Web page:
I started college right before my parents got divorced. My dad was making a decent amount of money. Too much to qualify for Pell grants but not enough to really help pay for my education, so I took out loans.

When my parents got divorced, I had my mom claim me as a dependent despite her making about a third what my dad did. I suddenly qualified for Pell grants. I also took out loans to pay for my living expenses so I didn't have to work or work very little. Eventually I started claiming myself as an independent which still awarded me the full Pell grants. My parents' divorce was probably one of the best things to happen to me as I got out of the food industry and could pay for my education almost entirely on grants.

My advice, have the poorer parent claim you or claim yourself to get Pell grants. Go to a cheap enough college (of good quality) so that the grants and scholarships cover tuition. And work to pay for everything else, if you can balance work and school. I couldn't and taking out loans was brutal, but I graduated. If you take out loans, try to find a charity/non-profit to work for to get the loan forgiveness.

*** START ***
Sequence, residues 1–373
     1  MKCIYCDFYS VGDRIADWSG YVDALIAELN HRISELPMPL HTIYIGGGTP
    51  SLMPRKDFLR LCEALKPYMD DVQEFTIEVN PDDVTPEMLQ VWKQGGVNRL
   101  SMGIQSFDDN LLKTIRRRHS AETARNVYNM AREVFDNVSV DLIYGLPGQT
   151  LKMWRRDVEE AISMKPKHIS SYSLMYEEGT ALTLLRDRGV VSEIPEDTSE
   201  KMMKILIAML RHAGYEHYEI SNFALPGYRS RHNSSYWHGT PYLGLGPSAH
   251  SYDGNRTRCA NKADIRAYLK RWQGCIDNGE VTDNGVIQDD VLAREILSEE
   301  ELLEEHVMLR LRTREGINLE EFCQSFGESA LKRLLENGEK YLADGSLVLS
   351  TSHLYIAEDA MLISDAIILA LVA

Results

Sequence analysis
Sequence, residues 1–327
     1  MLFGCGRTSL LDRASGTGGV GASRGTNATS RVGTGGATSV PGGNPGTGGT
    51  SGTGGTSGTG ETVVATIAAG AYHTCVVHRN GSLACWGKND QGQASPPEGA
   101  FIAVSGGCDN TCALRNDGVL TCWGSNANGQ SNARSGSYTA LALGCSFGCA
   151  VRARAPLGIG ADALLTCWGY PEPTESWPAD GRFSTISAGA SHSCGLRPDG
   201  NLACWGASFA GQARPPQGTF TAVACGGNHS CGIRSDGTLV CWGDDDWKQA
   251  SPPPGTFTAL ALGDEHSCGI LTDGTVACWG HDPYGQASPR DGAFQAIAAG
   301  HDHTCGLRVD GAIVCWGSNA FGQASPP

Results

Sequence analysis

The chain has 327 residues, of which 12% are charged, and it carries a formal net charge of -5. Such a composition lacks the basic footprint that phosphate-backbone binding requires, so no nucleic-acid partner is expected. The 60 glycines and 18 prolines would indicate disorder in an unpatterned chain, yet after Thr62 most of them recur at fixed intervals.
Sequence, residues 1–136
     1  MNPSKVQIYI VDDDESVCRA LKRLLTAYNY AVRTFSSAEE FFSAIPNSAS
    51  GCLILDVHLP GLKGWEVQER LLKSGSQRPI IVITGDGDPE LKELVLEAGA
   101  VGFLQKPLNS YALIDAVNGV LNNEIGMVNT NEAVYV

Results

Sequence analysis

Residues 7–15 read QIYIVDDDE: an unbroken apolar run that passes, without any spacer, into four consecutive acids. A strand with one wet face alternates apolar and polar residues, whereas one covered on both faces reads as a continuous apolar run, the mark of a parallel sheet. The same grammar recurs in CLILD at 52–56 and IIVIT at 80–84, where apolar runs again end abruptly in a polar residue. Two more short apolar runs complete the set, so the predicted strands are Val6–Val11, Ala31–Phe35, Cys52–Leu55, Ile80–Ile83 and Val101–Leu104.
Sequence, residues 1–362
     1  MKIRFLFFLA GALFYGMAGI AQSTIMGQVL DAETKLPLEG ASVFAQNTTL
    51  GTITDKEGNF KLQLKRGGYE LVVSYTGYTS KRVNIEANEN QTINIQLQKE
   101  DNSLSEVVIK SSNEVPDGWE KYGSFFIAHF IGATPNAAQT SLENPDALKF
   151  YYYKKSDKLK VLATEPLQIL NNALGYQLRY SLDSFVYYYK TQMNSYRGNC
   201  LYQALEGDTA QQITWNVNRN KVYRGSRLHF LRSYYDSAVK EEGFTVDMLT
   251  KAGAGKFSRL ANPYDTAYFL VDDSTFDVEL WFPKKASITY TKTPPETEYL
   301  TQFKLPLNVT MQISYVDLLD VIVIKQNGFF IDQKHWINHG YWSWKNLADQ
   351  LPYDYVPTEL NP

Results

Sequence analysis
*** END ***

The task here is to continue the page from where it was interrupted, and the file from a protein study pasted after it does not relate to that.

First, the thing between your parents is not your problem. You are not entitled to that money, and trying to gain access to it will only anger them.

There's a huge scam around college financing

It's difficult to see as a young American because you're only seeing it in one country and one age. But the situation with expensive college is not normal.

You know how, if everyone has a lot of money to buy a thing, prices go up? It's like when mortgage interest rates fell to 6% from 14%, people could afford bigger mortgages, so they were able to bid prices higher.

There's a tiny law that says "student loans are not dischargeable in bankruptcy": It's a debt you cannot ever escape. Government student loans have sensible rules that balance that. Private student loans do not, but they weren't competitive until interest rates went very low about 20 years ago. Now, private loans have gone crazy. Cheap schools have popped up simply to get young people signed up on student loans (aka diploma mills). Online/distance learning has only made this worse.